# What is the origin of the determinant in linear algebra?

We often learn in a standard linear algebra course that a determinant is a number associated with a square matrix. We can define the determinant also by saying that it is the sum of all the possible configurations picking an element from a matrix from different rows and different columns multiplied by (-1) or (1) according to the number inversions.

But how is this notion of a 'determinant' derived? What is a determinant, actually? I searched up the history of the determinant and it looks like it predates matrices. How did the modern definition of a determinant come about? Why do we need to multiply some terms of the determinant sum by (-1) based on the number of inversions? I just can't understand the motivation that created determinants. We can define determinants, and see their properties, but I want to understand how they were defined and why they were defined to get a better idea of their important and application.

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the determinant defines volume in n-dimensions. Munkrese Analysis on Manifolds text has a nice discussion. I'm not well-versed in the history you seek so I leave it to others! – James S. Cook Sep 12 '12 at 7:14
Related question math.stackexchange.com/questions/668/…. See the answers given there. – Marc van Leeuwen Sep 12 '12 at 7:20
Possible duplicate of math.stackexchange.com/questions/81521/…. – lhf Oct 21 '13 at 12:27

I normally have two ways of viewing determinants without appealing to higher-level math like multilinear forms.

The first is geometric, and I do think that most vector calculus classes nowadays should teach this interpretation. That is that, given vectors $v_1, \ldots, v_n \in \mathbb{R}^n$ dictating the sides of an $n$-dimensional parallelepiped, the volume of this parallelepiped is given by $\det(A)$, where $A = [v_1 \ldots v_n]$ is the matrix whose columns are given by those vectors. We can then view the determinant of a square matrix as measuring the volume-scaling property of the matrix as a linear map on $\mathbb{R}^n$. From here, it would be clear why $\det(A) = 0$ is equivalent to $A$ not being invertible - if $A$ takes a set with positive volume and sends it to a set with zero volume, then $A$ has some direction along which it "flattens" points, which would precisely be the null space of $A$. Unfortunately, I'm under the impression that this interpretation is at least semi-modern, but I think this is one of the cases where the modern viewpoint might be better to teach new students than the old viewpoint.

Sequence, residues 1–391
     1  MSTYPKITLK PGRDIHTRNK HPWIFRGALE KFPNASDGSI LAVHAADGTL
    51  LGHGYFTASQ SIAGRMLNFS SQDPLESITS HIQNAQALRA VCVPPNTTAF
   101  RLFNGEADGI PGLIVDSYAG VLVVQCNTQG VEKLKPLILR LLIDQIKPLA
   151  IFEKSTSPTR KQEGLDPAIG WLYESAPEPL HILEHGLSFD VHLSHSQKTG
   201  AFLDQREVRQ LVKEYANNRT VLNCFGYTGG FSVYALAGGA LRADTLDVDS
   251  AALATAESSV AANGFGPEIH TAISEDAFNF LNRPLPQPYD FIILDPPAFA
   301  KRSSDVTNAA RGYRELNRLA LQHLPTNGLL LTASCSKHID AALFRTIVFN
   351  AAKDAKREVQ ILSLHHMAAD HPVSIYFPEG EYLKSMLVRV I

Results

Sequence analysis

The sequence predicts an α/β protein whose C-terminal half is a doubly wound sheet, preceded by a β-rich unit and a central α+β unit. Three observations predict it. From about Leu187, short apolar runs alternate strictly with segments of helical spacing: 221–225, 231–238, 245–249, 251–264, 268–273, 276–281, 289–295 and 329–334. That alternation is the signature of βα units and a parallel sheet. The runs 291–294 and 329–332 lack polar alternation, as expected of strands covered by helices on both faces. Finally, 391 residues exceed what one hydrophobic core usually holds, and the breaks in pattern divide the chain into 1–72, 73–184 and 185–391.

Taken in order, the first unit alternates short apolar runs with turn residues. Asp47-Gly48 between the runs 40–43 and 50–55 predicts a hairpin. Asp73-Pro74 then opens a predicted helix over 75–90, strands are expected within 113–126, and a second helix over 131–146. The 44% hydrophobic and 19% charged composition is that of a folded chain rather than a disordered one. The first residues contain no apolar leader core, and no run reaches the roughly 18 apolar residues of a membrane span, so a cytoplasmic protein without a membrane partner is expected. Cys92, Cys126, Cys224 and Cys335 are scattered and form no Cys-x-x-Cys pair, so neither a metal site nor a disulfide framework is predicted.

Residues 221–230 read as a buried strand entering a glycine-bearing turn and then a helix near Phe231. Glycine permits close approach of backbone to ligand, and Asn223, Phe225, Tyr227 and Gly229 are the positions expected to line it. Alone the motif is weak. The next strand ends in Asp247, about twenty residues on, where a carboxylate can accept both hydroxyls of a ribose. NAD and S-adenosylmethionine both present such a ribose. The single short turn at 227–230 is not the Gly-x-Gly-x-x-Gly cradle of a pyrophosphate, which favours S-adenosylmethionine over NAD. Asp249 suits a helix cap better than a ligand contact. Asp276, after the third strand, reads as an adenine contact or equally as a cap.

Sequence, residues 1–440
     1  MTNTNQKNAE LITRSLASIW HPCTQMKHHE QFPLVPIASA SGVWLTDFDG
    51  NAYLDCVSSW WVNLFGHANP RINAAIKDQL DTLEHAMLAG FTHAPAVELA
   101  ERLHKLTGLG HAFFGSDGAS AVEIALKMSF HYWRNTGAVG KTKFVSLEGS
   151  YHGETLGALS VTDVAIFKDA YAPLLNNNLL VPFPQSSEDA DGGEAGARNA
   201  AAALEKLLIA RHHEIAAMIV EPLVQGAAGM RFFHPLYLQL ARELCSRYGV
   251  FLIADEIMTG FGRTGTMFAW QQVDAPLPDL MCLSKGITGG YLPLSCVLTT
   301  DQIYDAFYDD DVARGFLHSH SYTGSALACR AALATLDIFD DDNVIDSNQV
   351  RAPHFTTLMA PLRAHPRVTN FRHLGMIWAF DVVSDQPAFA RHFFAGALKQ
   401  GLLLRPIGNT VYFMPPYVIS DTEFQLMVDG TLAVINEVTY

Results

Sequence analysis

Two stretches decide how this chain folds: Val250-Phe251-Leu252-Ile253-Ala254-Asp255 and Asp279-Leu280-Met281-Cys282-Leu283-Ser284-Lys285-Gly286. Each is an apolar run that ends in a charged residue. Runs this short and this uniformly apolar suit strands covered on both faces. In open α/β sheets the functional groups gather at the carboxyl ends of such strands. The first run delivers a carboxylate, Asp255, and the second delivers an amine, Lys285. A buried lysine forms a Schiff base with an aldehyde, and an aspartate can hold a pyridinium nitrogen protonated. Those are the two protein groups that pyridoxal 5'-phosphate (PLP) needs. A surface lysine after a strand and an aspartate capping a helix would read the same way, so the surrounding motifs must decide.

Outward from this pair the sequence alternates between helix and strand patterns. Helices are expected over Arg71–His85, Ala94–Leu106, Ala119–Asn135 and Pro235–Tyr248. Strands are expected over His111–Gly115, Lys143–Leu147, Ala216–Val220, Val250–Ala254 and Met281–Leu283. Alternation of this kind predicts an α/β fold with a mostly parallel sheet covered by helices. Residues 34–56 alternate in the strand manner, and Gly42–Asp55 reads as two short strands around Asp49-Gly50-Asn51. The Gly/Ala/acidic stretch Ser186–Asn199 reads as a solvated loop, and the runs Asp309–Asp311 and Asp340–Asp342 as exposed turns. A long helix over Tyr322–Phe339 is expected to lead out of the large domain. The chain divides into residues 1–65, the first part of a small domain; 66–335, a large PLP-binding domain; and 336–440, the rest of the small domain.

The old viewpoint is that the determinant is simply the result of trying to solve the linear system $Ax = b$ when $A$ is square. This is most likely how the determinant was first discovered. To derive the determinant this way, write down the generic matrix and then proceed by Gaussian elimination. This means you have to choose nonzero leading entries in each row (the pivots) and use them to eliminate subsequent entries below. Each time you eliminate the rows, you have to multiply by a common denominator, so after you do this $n$ times, you'll end up with the sum of all the permutations of entries from different rows and columns merely by virtue of having multiplied out to get common denominators. The $(-1)^k$ sign flip comes from the fact that at each stage in Gaussian elimination, you're subtracting. So on the first step you're subtracting, but on the second step you're subtracting a subtraction, and so forth. At the very end, by Gaussian elimination, you'll obtain an echelon form (upper triangular), and one knows that if any of the diagonal entries are zero, then the system is not uniquely solvable; the last diagonal entry will precisely be the determinant times the product of the values of previously used pivots (up to a sign, perhaps). Since the pivots chosen are always nonzero, then it will not affect whether or not the last entry is zero, and so you can divide them out.

EDIT: It isn't as simple as I thought, though it will work out if you keep track of what nonzero values you multiply your rows by in Gaussian elimination. My apologies if I mislead anyone.

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also, we should emphasize the sign of $det[v_1|v_2|...|v_n]$ reveals the handedness or orientation of the set $\{ v_1,v_2,\dots v_n \}$ – James S. Cook Sep 12 '12 at 7:36
Did you ever try actually performing Gaussian elimination on a generic matrix (with all entries independent unknowns)? Try it for a $3\times3$ matrix! It doesn't really work as you advertised, and you'll have a hard time actually making (just) the determinant appear in the computations. You can find something like this done to prove Cramer's rule, but is is not usual Gaussian elimination, and it assumes the determinant is already known. – Marc van Leeuwen Sep 12 '12 at 7:36